KABUL (Pajhwok): Economists have linked the appreciation of the local currency against the dollar to a recent meeting between top Afghan and US officials in Qatar.
Experts believe a shortage of the afghani in the market, a surge in international aid inflows and the resumption of exports and imports are other vital factors that contributed to the value of the local currency.
They want Da Afghanistan Bank to keep the national currency stable by injecting the afghanis and dollars into the market according to the situation.
For its part, the government vies the signing if fuel and food deals with some countries, resumption of work projects and the resumption of export as reasons behind the strengthening of the afghani. The local currency plunged after last year’s regime change in Afghanistan. Subsequently, the US froze the Afghan central bank’s foreign reserves worth over nine billion dollars, aggravating the war-torn country’s economic woes.
Before the regime change, one US dollar accounted for 79.70 afs. But after the new administration’s takeover, the dollar skyrocketed was traded for 130 afs on December 13, 2021. After a while, the afghani regained its value, with the greenback slumping to 102 afs on January 31, 2021.
Sara-i-Shahzada Moneychangers Union head Mir Afghan Safi told Pajhwok Afghan News in the beginning of the ongoing week, one US dollar accounted for 88.50 afs. But on Monday, the greenback fell to 84 afs and on Tuesday, its value increased to 85.40 afs.
Asked about the reason for the afghani appreciation against the dollar, Safi replied: “Recent developments are a major factor. Another reason is a shortage of the afghani in the market.”
Economist Qais Mohammadi saw political and economic reasons behind the appreciation and depreciation of the local currency.
There was an unprecedented decline in the value of the afghani against the dollar in the initial days of the incumbent government. But as the economic and political situation in the country improved, the value of the afghani increased.
“When there is a mood of optimism, like the recent meeting between Afghan and US officials, people start thinking the interim government may be recognised. International aid will increase, exports and imports have resumed — all these are factors that have contributed to the value of the afghani against the dollar.”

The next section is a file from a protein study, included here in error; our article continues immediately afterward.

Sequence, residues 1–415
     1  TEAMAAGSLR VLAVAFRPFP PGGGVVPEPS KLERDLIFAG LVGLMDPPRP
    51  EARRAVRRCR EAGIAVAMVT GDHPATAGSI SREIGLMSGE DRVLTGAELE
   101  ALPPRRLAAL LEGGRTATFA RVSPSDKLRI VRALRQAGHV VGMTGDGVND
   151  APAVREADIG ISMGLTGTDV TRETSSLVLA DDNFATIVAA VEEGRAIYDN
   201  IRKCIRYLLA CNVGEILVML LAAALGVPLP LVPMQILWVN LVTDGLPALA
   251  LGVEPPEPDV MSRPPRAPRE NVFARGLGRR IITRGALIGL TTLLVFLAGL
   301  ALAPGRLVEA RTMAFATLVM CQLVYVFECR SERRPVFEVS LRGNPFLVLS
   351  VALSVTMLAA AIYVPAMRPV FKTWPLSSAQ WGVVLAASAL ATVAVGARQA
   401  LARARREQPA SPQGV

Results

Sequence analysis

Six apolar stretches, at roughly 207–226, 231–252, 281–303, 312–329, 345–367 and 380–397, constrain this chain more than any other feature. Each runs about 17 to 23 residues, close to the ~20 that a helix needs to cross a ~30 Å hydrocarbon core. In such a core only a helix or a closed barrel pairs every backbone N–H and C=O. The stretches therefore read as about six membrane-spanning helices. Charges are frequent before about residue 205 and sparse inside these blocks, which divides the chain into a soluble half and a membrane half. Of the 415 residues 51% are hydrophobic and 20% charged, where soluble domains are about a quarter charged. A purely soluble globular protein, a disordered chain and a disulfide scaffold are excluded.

Senior US government officials met Islamic Emirate of Afghanistan (IEA) officials in Doha last week.
CNN reported the meeting was the first since Al-Qaeda leader Ayman al-Zawahiri was killed by the US in his apartment in Kabul in late July.
The US administration sent the CIA’s deputy director and the top State Department official responsible for Afghanistan to the Qatari capital for talks with the Taliban delegation, which included their head of intelligence, Abdul Haq Wasiq.
Mohammadi urged DAB to act in line with market — when afghani flows rise, dollars should be released and vice versa.
He opined the appreciation of the local currency would help control import prices besides assuaging fears of a surge in rates of essential commodities in the winter.
Kabul University teacher Zakaria Haidari identified the arrival of aid dollars in the country, their auctions and not releasing the afghani into the market as some of the factors behind the appreciation of the afghani.
According to Haidari, the government has not released the afghani in the market over the last 14 months. This has led to the appreciation of the afghani.
Every week, he noted, DAB auctioned off millions of dollars to ensure the value of the local currency remained intact. He explained people would suffer if the afghani depreciated and unemployment soared.
He opined the central bank had an ideal opportunity to support the afghani. He suggested the local currency should be released based on market requirements.
Zabihullah Mujahid, spokesperson for the ‘Islamic Emirate of Afghanistan (IEA), said the government was striving to strengthen the economy and create a friendly environment.
“You know better, some fuel and food contracts were inked lately in the interest of Afghanistan. Work on some key projects has resumed. Exports have also resumed to some countries. All these efforts were coordinated and supported the afghani,” he remarked.
Earlier, Mujahid said the interim government had signed agreements on fuel, gas and food imports with Russia. The move is intended to reduce food and energy prices.
On Monday, 20 tonnes of pine nuts were sent to China from Kabul through the Afghanistan-China air corridor after a 10-month hiatus.
Deputy Prime Minister Mullah Abdul Ghani Baradar, speaking on the occasion, hailed the reopening of the corridor as a good omen.
With the reopening of the air corridor, Baradar hoped trade with China would get a major boost and Afghan entrepreneurs would be able to send their products to global markets.
Without giving details, Mujahid said the government had some plans for economic stability. The measures, when announced, would further enhance the value of the afghani, he believed.
Mujahid hoped all these efforts would promote the public interest and benefit the masses.